CHRIS MARSOL- Butterflys, Lipstick & Hand Grenades
Let’s face it, they’ve got us all figured out. It’s a formula no doubt. Multiply your age by your city and state, add your disposable income level then divide that by your ethnicity and they will surely be able to determine what kind of music you listen to and how to get you to buy it. And unfortunately, we as a society rarely disappoint. Yet we all know that Nirvana fan that used to sneak in her room when no one was privy and pop in that N’ Sync album, all the while publicly detesting pop music. That was our first lesson in pop culture: things are rarely as simple as they seem. We like to pretend they are if for no other reason than that we like our world neat and easily digestible, i.e.: black and white. But in this pretend world of black and white that we’ve created, is it possible that any one artist can bring the Rock lover, the Soul lover and the Pop music lover together in one blissful Technicolor orgy? If any artist can, it is Chris Marsol.
Maybe it has to do with his upbringing. You see, Chris was born in the San Francisco Bay Area, home of Haight-Ashbury, the centerpiece to the hippie movement, Psychedelic Rock, the Black Panthers and of course the most ethnically diverse population in the country. Sure, he wasn’t around during the revolution, but the spirit of art, freedom, liberalism and progressive thinking still illuminate the Bay Area to this day and Marsol is a product of that environment.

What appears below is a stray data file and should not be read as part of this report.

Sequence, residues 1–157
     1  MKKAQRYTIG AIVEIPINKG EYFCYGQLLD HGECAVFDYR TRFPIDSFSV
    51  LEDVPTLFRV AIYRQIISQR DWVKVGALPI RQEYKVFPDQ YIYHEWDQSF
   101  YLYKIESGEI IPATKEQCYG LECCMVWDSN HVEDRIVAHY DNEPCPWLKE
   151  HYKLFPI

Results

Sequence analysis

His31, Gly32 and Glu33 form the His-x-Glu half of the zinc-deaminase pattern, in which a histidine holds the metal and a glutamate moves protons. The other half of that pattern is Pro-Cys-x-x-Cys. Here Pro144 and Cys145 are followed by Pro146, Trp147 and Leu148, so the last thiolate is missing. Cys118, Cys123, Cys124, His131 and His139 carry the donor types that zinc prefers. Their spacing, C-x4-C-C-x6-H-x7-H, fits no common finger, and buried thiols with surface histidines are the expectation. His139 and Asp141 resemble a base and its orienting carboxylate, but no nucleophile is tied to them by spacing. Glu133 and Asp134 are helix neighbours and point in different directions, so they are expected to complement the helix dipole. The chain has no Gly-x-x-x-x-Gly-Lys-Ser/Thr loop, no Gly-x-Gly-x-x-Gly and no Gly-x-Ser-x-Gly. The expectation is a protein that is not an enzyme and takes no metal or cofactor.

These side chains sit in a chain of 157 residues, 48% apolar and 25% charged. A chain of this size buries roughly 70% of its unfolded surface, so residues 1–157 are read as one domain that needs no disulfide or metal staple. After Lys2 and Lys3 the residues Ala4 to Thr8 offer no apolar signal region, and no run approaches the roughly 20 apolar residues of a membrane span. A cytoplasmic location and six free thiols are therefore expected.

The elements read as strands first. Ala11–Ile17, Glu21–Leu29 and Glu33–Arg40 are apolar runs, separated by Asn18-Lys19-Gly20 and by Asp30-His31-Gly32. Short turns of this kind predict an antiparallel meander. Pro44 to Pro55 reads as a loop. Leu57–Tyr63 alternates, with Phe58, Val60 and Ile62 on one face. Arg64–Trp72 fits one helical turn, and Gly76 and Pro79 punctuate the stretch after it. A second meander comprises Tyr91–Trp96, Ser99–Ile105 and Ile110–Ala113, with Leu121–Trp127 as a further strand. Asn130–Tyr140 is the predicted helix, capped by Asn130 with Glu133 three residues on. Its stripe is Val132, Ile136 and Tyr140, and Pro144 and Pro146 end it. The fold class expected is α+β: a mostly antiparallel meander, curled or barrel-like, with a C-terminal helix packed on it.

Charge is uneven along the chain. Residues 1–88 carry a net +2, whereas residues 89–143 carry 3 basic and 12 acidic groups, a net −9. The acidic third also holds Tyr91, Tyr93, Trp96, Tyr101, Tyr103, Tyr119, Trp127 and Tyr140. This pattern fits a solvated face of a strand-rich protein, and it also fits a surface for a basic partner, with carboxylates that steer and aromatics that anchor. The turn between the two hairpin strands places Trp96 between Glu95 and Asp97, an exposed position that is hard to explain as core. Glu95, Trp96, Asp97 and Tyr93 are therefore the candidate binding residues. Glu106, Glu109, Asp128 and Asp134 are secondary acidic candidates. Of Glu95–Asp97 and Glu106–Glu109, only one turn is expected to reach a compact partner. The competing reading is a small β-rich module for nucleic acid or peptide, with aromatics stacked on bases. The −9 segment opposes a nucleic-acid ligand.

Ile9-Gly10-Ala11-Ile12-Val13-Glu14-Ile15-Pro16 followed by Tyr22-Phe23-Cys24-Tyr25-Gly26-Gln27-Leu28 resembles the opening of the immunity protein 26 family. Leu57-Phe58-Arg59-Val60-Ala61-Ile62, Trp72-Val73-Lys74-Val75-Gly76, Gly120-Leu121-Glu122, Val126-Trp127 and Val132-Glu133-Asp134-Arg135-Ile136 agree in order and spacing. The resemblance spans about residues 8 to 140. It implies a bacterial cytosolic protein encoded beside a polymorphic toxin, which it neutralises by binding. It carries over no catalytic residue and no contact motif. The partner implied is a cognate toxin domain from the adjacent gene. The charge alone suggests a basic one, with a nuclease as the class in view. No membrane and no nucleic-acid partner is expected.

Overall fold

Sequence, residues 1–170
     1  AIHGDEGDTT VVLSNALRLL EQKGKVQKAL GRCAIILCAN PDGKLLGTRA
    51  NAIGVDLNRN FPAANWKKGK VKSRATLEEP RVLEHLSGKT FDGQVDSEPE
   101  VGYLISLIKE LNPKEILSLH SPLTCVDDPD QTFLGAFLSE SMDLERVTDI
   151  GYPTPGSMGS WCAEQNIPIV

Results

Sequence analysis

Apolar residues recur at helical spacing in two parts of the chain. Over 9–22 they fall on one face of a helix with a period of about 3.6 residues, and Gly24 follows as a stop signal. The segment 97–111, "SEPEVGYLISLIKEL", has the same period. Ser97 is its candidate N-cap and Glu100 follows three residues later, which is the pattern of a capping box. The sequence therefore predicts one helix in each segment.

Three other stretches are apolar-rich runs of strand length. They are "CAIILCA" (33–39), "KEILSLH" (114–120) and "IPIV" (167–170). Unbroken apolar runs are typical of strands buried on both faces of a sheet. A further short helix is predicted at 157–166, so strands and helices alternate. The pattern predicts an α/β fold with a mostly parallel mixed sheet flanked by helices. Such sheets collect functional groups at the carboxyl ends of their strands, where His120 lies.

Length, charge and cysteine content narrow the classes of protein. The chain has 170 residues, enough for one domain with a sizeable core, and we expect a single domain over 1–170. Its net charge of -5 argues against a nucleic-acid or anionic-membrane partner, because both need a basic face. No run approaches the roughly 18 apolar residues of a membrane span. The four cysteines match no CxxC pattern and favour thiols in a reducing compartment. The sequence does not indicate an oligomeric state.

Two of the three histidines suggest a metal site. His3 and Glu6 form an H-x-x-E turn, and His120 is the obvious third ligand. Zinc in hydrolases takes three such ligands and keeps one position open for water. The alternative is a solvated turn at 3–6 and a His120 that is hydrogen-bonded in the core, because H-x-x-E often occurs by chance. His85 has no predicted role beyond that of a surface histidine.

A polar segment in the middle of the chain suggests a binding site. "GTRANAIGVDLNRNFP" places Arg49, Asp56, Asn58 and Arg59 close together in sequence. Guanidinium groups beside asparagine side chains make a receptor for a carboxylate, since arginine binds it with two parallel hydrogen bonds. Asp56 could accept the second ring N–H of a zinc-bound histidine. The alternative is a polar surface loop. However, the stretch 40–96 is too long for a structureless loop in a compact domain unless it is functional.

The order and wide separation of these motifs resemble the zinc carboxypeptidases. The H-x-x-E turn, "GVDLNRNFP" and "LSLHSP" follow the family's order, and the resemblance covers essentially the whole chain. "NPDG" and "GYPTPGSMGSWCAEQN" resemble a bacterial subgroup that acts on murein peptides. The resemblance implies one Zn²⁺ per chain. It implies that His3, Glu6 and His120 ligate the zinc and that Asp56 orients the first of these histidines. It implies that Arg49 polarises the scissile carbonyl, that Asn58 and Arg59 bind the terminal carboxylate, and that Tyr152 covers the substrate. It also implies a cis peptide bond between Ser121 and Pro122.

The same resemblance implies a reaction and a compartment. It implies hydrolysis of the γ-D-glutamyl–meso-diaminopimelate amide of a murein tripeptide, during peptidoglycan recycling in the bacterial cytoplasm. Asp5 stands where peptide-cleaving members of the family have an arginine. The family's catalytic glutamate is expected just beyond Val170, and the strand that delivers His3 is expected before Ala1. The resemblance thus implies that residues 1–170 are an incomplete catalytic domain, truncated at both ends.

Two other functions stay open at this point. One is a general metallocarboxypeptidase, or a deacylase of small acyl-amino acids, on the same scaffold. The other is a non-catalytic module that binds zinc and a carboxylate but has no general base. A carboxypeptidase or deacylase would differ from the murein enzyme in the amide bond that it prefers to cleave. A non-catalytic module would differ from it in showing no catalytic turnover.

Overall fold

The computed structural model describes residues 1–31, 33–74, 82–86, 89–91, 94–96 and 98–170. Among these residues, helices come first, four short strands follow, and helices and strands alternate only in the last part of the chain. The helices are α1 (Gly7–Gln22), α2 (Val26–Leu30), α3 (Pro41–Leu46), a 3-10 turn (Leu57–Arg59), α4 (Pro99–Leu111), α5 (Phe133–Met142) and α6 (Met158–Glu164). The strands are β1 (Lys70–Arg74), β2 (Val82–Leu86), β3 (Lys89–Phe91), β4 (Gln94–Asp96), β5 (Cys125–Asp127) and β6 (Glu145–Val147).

“As a child, I didn’t distinguish between the many different genres of music I was exposed to. I only distinguished between what I liked and what I didn’t like.”
At age 6 Chris was singing in his church choir and stealing the spotlight, dancing at his family reunions. By age 11 he was locking himself in the bathroom, writing and recording his first songs with a crude tape recorder. At age 17 he taught himself how to play the piano. As the years went by he would pick up a guitar as well and absorb artists like Pink Floyd, Cream, Stevie Wonder, Nirvana, Genesis, Terence Trent D’Arby, Stone Temple Pilots, D’Angelo, Radiohead, Hall and Oates and Elton John.
The result is an album written, arranged and produced by Chris Marsol entitled “Butterflys, Lipstick and Hand Grenades”. Marsol and his buddies made this record the old-fashioned way; they got together in a room and played. But taking black and white and turning it into something beautiful is not an easy task. Most mixtures of this type are a watered down, sloppy, undefined mess. This project, however, is unique, bold and confident with its own texture and attitude, just as bold as black and white but much more colorful and interesting. In this effort Marsol seems to have had an extremely deep conversation with his influences without letting them overtake his musical vision. Listening to the entire album, if you were to find any single artist to whom Chris can be compared, my guess is you haven’t been listening close enough. This “I am a rock album that refuses to be defined as another rock album” approach is exactly what makes “Butterflys…” both well-defined and at the same time utterly refreshing. What we are left with is an excitingly focused album where no 2 tracks sound the same.
When asked about the meaning of the album title, Marsol just shrugs and says “there is no meaning until you create one.” How true those words ring, not just in defining the album title, but in defining his music and of course his entire movement. It seems there is always a revolution going on in the Bay Area.
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